Ashley Ruth Brooks-Danso, 32
The impact Ashley Brooks-Danso left on the world in her too-short time here is an example of the power of understanding what you are passionate about and applying your God-given talents to make the world a better place. Ashley believed in the potential of all people and understood the amazing things that happen when people take time to connect towards a larger purpose.
Ashley Ruth Brooks-Danso was born the first day of June 1979 in New Richmond, Wis., to Jim and Kay Brooks.
Ashley was preceded in death by grandparents Jim W. and Ruth Brooks.
She is survived by her loving husband of 7 years, Kofi; her 7-month-old baby girl, Amelia Akua; parents, Jim and Kay Brooks; sister, Liz (Jamyn) Peterson; brother, Spencer (Stephanie) Brooks; and grandparents Wallace and Phyllis Wikoff.
Ashley quickly identified a passion and talent for serving the needs of the elderly. Her first job at the Health Center in New Richmond gave her a chance to demonstrate the importance of seeing past the old in people. She had a gift for identifying who people really were - she infused life back into the elderly by reminding them of their talents and finding ways to give them a sense of purpose.
She knew she had a responsibility to put her talent to work in this world and consciously chose to attend UW-Oshkosh where she could study social work with an emphasis on gerontology. From Oshkosh she moved on to Washington University in St. Louis where she met the love of her life, Kofi. She immediately fell for his wisdom and compassion for others. As a native of Ghana, Kofi also represented her love for connecting cultures and people.
After obtaining their masters degrees from Wash U, Ashley and Kofi together influenced national policy and advocacy for the elderly through their work at the Council for Social Work Education in Washington, D.C. They continued to pursue their love for other cultures and places through traveling and hosting parties. Ashley was always hunting down reasons to celebrate; she knew how to throw a party!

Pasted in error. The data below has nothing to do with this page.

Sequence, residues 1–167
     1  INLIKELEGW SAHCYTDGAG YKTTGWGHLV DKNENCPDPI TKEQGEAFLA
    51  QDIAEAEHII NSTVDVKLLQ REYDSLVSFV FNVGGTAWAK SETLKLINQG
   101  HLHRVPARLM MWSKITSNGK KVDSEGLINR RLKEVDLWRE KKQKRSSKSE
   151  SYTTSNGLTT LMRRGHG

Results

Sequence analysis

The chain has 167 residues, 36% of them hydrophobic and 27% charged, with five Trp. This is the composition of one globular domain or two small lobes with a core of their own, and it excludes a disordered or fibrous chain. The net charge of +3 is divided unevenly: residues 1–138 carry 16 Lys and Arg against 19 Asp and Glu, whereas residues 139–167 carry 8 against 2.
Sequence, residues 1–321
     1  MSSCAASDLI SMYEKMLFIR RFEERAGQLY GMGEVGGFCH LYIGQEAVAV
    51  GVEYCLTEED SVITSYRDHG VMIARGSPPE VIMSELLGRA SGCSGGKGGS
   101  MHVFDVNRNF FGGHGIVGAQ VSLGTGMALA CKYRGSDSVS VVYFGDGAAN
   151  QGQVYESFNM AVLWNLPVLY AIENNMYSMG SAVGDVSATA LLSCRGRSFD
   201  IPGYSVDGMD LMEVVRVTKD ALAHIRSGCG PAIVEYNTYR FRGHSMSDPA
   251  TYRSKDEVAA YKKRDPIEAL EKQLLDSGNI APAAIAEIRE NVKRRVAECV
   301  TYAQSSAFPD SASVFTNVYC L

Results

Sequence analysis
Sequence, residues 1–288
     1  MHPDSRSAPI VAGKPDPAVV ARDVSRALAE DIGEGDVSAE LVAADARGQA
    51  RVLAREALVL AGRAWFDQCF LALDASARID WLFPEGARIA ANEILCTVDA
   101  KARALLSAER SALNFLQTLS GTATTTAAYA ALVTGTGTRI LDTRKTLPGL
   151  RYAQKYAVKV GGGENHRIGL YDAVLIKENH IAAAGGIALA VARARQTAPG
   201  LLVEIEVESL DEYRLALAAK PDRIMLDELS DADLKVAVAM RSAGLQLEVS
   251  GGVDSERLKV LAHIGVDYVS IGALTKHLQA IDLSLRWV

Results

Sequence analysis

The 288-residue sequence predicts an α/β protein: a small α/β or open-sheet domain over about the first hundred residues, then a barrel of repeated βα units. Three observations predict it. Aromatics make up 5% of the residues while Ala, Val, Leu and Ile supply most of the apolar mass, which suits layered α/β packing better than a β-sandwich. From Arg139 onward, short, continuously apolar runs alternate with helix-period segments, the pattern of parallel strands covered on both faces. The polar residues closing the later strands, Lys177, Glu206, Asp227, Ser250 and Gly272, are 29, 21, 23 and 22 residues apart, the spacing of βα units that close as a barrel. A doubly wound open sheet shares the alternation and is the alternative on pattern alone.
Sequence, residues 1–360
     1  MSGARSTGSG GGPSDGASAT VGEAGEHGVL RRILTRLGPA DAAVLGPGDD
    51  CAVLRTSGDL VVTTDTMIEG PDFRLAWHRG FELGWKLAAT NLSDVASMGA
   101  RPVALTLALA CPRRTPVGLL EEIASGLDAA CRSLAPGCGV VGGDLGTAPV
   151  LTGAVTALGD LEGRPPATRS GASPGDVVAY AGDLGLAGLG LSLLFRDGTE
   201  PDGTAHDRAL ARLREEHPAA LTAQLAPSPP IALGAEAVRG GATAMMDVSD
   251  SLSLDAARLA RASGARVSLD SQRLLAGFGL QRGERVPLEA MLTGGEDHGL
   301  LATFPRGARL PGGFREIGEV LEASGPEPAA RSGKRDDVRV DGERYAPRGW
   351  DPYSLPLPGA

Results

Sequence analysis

When Kofi decided to pursue his doctorate, we were all thrilled when the U of M accepted Kofi into their program so they could be closer to the Brooks family. Ashley quickly found an opportunity to work for the Alzheimer's Association in Minnesota where she continued to share her gifts and expertise with families dealing with this devastating disease. Just recently Ashley's expertise in this community led her to a new position as caregiver services manager for Wilder. She was so excited to manage this significant grant and had just built the team she needed to do this great work. Ashley was at the top of her game and so happy.
Beyond her legacy serving the needs of the elderly, Ashley's real legacy lives in the heart of her partner in life, Kofi, and her sweet baby girl Amelia Akua. Following the lead of her own dad, Ashley believed you bring children into this world so they can make the world a better place. We know her spirit lives on in Amelia and in the hearts of so many others that had the benefit of knowing her and loving her.
The world changed once again when this top-notch woman, wife, mother, daughter, sister, friend, and co-worker unexpectedly left us on Tuesday, June 28. Ashley made a significant impact on the world in the short time she was here; the world is a better place because of her.
A memorial service will be held at 3 p.m. Thursday, July 7, at the United Methodist Church in New Richmond. A wake will be held from 5-8 p.m. Wednesday, July 6, at the United Methodist Church. The celebration of Ashley's life will continue Thursday evening at her sister's home in New Richmond (1534 County Road GG).
In lieu of flowers, a support fund has been set up for her daughter, Amelia:
Amelia Brooks Danso Support Fund, 1534 County Road GG, New Richmond, WI 54017
Ashley signed every email with the following quote:
"If civilization is to survive, we must cultivate the science of human relationships - the ability of all peoples, of all kinds, to live together, in the same world at peace."
-Franklin D. Roosevelt